"Even in the darkest times in our history,
people of extraordinary character have lived among us,
showing us a way out of the deplorable cycle
of hatred and aggression. They exist this very day."
— Scott A. Hunt in The Future of Peace
Throughout its history, the Congo has been a target for colonial invasion thanks to its varied and rich natural resources. In 1960, the country declared its independence and in the early 1990s was caught up in a protracted civil war. The first democratic elections took place in 2006, but poverty and political corruption still plague the Democratic Republic of the Congo.
Recently a new player entered the scene with the discovery of oil beneath Lake Edward. SOCO International is a British petroleum company. Most likely due to promises of payoffs, they have gotten the support of the heavily armed M23 rebel group fighting the Congolese army.
In the midst of all this chaos and violence, director Orlando von Einsiedel has chosen to focus on the heroism and compassion of four individuals who are trying to protect the Virunga National Park, a UNESCO World Heritage Site. It is one of the most biodiverse places on Earth and home to the last mountain gorillas (only 800 survive).
Ranger Rodriegue Katembo, once a child soldier, is now a section chief at the park. His job is to uphold the law and to prevent SOCO from drilling in a part of Lake Edward that is part of the park.
Emmanueul de Merode is the Belgian warden of the park. He rallies the rangers to do all they can to protect this wildlife sanctuary. On patrol they come across the carcass of an elephant killed by poachers for its tusks. He sees the civil war, and the oil company's pressures as concrete threats to conservation efforts not only in Virunga but also elsewhere in Africa.
Meanwhile, Melanie Gouby, a French journalist, tries to talk to as many parties in the conflict as possible. At a dinner, she tapes a SOCO employee talking about why the Europeans should colonize the Congo once again. She wants to connect the dots between the rebels and SOCO. As the M23 rebels advance to the edge of the park, she finds herself right in the middle of the action. At a refugee camp, she notes that just a few days before, 60,000 civilians were there; they have all fled.
In several very moving sequences we meet Andre Bauma, a quiet ranger who takes care of four orphaned gorillas as if they were members of his family. We see him and other rangers playing with the gorillas in some truly awe-inspiring scenes. When gunfire sounds nearby, the gorillas run to their caregivers for comfort. Close-ups of their faces convey their uncertainty; they seem like poster-children for a threatened Africa.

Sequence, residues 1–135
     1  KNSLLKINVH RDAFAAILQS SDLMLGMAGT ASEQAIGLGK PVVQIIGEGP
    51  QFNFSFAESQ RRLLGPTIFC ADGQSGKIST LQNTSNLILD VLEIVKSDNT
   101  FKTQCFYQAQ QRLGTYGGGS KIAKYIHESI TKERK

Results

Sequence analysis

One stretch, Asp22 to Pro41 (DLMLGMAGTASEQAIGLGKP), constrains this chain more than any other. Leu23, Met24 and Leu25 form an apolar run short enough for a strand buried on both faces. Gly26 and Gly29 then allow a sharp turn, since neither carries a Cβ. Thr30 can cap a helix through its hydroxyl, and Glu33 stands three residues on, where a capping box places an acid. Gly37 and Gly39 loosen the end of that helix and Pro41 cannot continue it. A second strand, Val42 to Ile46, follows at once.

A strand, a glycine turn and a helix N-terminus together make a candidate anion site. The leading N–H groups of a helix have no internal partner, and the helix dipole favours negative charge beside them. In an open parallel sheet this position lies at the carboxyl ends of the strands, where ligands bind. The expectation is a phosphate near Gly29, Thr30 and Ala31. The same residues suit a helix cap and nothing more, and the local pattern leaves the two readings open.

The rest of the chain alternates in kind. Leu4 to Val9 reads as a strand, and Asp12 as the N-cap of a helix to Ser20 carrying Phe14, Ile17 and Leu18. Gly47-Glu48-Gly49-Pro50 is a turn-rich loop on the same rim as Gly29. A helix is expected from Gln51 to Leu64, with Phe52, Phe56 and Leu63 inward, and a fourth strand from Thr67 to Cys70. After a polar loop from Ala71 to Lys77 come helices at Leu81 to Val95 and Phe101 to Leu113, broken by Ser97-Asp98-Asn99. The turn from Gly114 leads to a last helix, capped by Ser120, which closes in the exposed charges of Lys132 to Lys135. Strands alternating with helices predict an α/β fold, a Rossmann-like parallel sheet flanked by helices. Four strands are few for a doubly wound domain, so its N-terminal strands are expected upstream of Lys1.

Virunga is one of the Most Spiritually Literate Films of 2014. The film includes some very scary sequences when the M23 rebels overtake the park, and we worry about what will happen to the rangers and the animals they are protecting. But it ends on a hopeful note as the principals talk about what they are doing and why. As they express their commitments, we understand why these courageous and compassionate people can demonstrate such grace under pressure.
Philip Zimbardo, a world-renowned psychologist, has spent five years working on a project designed to foster the "heroic imagination." In an article on the website for the Greater Good Science Center, he talks about his research and findings.
Heroism has several parts: "It's performed in service to others in need — whether that's a person, group, or community — or in defense of certain ideals. Second, it's engaged in voluntarily, even in military contexts, as heroism remains an act that goes beyond something required by military duty. Third, a heroic act is one performed with recognition of possible risks and costs, be they to one's physical health or personal reputation, in which the actor is willing to accept anticipated sacrifice. Finally, it is performed without external gain anticipated at the time of the act."
Zimbardo contends that we are born with the capacity to do both despicable and wonderful things. He concurs with George Bernard Shaw who has written, "Every reasonable man and woman is a potential scoundrel and a potential good citizen. What a man is depends upon his character what's inside. What he does and what we think of what he does depends upon his circumstances."
Here are a few insights that have been gathered from surveying 4,000 Americans:
• Heroes surround us: one in five — 20 % — qualify as heroes based on the definition given above.
• Opportunity matters: urban areas provide more chances to act heroically.
• Education matters: the more educated you are, the more likely you are to be a hero.
Other qualifiers for heroism include being a volunteer, being a man, being black, and having survived a disaster or personal trauma. Zimbardo is working on an "Encyclopedia of Heroes," a collection of hero stories from around the world. Also in preparation is an online four-week "Hero Challenge" to help people of all ages to develop their heroic abilities.Part of Zimbardo's Heroic Imagination Project (HIP) is to democratize the notion of heroism. Here is a five-minute video on the project: